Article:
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Glass by the River

You're five-six-seven-eight-nine years old.

You're running with scraped knees and a stick

retrieved from a mossy bank.

Your mom worries about glass by the river;

you collect it like the near-opaque shards

are thin, curved emeralds,

like the jagged neck of the bottle the fish avoid

is some faraway queen's crown

brought there by the languid waters.

You reinvent animal husbandry—

in a stained Tupperware you gather worms,

gather pill bugs, a slug or two,

with onion grass and dirt and dandelions

arranged like tiny furniture

and, mystified, see them multiply.

You move fluidly from running wild

through scraping branches

to sitting quietly in the shade

holding that Tupperware close

and naming each bug something silly.




You're ten-eleven-twelve-nineteen years old.

Can you ever feel that again, you wonder,

when you're too big for the bridges you built,

too tall for the tunnels?

Maybe—only maybe—

in the most afternoon of evenings,

when the sky is still bright and blue near dinner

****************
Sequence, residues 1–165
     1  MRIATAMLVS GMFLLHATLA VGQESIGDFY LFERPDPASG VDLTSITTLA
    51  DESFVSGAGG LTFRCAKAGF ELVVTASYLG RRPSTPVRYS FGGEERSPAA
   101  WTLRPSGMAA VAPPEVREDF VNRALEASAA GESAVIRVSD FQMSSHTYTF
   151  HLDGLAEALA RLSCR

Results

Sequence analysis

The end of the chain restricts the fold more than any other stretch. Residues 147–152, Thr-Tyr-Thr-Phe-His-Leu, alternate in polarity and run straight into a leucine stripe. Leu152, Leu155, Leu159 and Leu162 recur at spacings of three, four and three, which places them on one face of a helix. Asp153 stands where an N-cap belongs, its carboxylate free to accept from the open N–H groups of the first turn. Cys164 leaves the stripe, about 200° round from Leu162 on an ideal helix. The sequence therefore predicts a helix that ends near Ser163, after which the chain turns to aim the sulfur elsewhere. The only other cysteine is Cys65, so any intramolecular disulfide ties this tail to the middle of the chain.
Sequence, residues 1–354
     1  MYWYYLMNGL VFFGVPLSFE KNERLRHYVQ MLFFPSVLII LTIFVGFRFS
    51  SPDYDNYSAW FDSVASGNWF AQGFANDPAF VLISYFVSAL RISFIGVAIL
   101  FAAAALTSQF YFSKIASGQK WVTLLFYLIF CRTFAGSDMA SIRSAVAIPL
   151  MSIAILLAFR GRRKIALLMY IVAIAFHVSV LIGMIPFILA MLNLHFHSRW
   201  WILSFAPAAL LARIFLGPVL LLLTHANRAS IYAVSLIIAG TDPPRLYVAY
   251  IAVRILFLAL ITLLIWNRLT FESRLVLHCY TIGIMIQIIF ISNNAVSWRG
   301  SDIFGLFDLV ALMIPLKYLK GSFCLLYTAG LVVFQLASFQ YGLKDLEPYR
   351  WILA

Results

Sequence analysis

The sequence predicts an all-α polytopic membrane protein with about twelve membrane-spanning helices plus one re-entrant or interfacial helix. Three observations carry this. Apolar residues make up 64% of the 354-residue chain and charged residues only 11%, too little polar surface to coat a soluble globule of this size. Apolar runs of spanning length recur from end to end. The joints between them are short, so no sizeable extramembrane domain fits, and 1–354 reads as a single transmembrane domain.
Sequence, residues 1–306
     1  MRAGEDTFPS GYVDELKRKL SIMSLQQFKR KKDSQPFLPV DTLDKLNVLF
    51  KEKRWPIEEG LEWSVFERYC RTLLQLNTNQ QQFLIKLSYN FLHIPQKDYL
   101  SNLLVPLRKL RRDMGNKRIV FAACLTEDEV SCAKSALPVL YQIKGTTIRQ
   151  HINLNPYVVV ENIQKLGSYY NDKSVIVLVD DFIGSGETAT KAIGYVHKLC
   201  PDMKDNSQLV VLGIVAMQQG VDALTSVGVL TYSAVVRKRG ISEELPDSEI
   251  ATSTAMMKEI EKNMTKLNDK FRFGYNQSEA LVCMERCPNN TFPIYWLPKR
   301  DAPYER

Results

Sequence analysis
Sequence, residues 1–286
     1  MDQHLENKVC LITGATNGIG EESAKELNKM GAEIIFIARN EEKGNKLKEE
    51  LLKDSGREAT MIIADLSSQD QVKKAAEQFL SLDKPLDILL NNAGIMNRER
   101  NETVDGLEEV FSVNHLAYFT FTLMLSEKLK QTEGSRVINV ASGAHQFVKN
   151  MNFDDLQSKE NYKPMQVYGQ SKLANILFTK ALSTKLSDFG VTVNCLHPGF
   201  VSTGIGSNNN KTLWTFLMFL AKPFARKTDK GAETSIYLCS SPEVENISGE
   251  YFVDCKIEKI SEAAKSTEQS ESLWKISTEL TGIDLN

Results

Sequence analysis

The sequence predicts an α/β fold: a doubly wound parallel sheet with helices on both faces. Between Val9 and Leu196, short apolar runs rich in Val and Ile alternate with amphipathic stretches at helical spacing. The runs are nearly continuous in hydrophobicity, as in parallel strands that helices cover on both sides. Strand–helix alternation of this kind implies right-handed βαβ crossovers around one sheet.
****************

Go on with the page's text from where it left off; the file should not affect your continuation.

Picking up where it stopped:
as the sun bows to tall grasses.

Where it smells sharp, where

breathing stings and brings tears to your eyes

as if your body is mourning something

your mind has forgotten.

You close your eyes,

let those tears roll down your cheeks,

let your outside weep,

and, inside, rewind.

You're running with scraped knees and a stick

retrieved from a mossy bank.

Zoey Pincelli is a sophomore computer science major with English and mathematics minors. As a writer, she often focuses on crime fiction, sci-fi, and, of course, poetry! Her hopes for graduation are to pursue a career in software engineering while working on her novel-in-progress. Her publication through the Whiskey Island website will be her first.

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